• Avoid chewing non-edible objects such as pencils, pens, etc.
  • Cut back chewing gum as it makes your jaws clench more, resulting in more teeth grinding
  • Training yourself not to clench or grind your teeth
  • Relaxing your jaw muscles holding a warm cloth against your cheeks

Sinus Infection (Sinusitis)

Sometimes hurting teeth has nothing to do with your teeth themselves. A sinus infection can also be a reason behind a toothache.

Sinuses comprise four air-filled spaces distributed around your eyes, forehead, and cheekbones near your eyes. Their work is to filter the air in your nasal cavity, making them warmer or moist at your nearby temperature. They also release mucus, which is drained through your nasal cavity and keeps the nose clean. A blockage of these sinus regions can result in fluid accumulation, leading to an infection.

The accumulated fluid in your sinus path can develop congestion and build pressure developing discomfort or pain in your upper teeth. This is because the root of the upper teeth and jawbones lies closely with the sinuses. Sometimes the ache in your upper teeth can spread to your lower teeth. This condition is known as referred pain.

Since the symptoms of a regular toothache seem similar to a sinus toothache, people often get confused. However, the primary sign of a sinus toothache is that it happens on the upper morals. As a result, you may feel pain on several teeth at once.

Symptoms of sinus toothache:

Dental pain due to sinus infection is often intensified by specific movements such as jumping or bending due to the shift of sinus pressure through movement. A sinus toothache usually subsides when you lie down or sit.

A sinus infection often starts with a viral cold and turns into an infection. Primary causes of sinusitis include allergies, bacteria, fungal infection, or change in air temperature or pressure. 

Other symptoms of sinus infection include:

  • Allergy
  • Head congestion
  • Runny nose
  • Cough
  • Tenderness around nose, eyes, or forehead
  • Discolored and thick mucus
  • Ear pain or fullness in the ear
  • Fever
  • Halitosis (bad breath)
  • Loss of smell and taste
  • Sore throat
  • Hoarse voice
  • Nasal drip

How to prevent sinus toothache while running?

Sinus toothache can be prevented by taking a lot of fluids or water in-between running. This helps clear out the nasal blockage and relieve you from dental pain. Additionally, you can take other treatments such as stream breathing and sinus flush. You may use decongestant nasal sprays occasionally, but don’t use them frequently, as you may develop a tolerance over time.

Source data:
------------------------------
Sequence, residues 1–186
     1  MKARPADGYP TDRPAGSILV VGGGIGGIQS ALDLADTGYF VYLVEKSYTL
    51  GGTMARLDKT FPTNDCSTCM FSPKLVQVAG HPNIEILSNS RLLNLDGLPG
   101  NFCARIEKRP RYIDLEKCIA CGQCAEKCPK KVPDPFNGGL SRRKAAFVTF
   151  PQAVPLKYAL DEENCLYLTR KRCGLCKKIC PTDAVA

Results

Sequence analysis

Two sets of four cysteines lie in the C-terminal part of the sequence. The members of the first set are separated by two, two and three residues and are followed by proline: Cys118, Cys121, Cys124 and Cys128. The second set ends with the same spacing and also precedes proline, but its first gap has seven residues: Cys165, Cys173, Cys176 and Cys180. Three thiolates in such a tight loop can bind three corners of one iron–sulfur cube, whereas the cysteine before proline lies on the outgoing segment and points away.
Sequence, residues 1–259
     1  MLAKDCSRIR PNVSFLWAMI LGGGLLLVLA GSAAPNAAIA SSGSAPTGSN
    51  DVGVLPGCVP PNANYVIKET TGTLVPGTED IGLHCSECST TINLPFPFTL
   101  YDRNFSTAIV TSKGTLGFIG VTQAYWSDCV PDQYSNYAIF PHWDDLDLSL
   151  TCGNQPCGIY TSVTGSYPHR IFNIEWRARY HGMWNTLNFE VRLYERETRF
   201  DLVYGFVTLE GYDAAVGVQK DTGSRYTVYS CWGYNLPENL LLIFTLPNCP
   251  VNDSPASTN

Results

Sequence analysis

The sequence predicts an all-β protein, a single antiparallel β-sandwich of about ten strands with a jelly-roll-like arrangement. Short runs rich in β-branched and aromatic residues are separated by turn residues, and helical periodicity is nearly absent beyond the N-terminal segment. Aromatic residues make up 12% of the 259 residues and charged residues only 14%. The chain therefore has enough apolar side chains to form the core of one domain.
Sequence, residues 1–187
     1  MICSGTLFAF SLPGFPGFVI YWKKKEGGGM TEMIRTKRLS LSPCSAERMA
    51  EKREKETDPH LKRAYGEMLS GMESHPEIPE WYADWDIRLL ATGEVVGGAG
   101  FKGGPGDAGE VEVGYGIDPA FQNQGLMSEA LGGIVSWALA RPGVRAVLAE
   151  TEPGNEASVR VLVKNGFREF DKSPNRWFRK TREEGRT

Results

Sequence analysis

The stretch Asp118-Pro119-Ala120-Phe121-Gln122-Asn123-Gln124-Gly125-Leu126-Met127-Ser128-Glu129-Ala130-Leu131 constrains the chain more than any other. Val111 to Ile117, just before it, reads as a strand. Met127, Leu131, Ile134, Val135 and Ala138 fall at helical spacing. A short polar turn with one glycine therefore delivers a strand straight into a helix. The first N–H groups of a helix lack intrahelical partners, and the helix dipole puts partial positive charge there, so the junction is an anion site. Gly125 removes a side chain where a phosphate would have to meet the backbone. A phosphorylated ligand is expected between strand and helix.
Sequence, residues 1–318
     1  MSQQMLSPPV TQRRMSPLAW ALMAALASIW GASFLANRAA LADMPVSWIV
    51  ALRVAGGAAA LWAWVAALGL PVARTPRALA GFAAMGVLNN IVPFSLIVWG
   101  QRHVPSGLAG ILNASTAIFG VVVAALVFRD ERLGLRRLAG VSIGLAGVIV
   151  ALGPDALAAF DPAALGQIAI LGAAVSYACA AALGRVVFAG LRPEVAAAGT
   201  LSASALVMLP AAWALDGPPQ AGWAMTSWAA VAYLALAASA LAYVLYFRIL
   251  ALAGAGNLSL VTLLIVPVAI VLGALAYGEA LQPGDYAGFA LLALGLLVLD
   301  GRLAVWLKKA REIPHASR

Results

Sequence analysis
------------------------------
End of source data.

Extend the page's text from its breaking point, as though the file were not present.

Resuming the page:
Sinus infection treatments:

Your doctor may prescribe your decongestant, steroid nasal sprays, and mucus-thinning medicines to treat sinusitis. Sometimes allergy-relieving pills may also work. If other treatments do not work, your doctor may prescribe you antibiotics to clear out the bacterial infection. If your sinusitis is caused by structural issues, you may require surgery. 

Sinus infection toothache treatments:

  • OTC pain relievers such as ibuprofen (Advil, or Motrin), acetaminophen (Tylenol), or Aspirin
  • Hold and cold therapy
  • Saltwater rinse

Periodontal Diseases

Sensitive teeth can signify something more significant such as periodontal disease. When you walk or run, it increases the blood flow in your body, which raises the inflammation in your mouth, causing aching of teeth.

Untreated periodontitis can lead to tooth loss and increases the risk of stroke, heart attack, and other severe conditions.

Periodontitis is an inflammation around the tooth caused by bacterial accumulation on the tooth’s surface. It can develop plaque-causing tooth discoloration and bad breath.

Symptoms of periodontal diseases include:

  • Inflamed or swollen gums
  • Red or purple gum
  • Receding gum
  • Extra spaces between teeth
  • Pus between the teeth and gum
  • Metallic taste in the mouth
  • Loose teeth
  • Pain or sensitivity in gums
  • Bad breath or halitosis

How to prevent periodontitis toothache while running?

A toothache caused by periodontitis can only be treated by a periodontist. Meanwhile, you can take some OTC pain relievers. However, we strongly recommend getting your periodontitis treated as soon as possible.

Periodontal Disease Treatment:

Periodontal diseases are often treated with antimicrobial mouthwashes, antiseptic chips, antibiotic gel, antibiotic microspheres, enzyme suppressants, and oral antibiotics.

For advanced periodontitis, you may have to go for surgical options such as flap surgery, bone & tissue grafts, and guided tissue regeneration (GTR).

Conclusion

It’s always better to uproot the issue as a whole than apply a patch to it. The best thing to do is visit a dentist and run a proper diagnosis to know the reasons behind your tooth pain and get treated as soon as possible.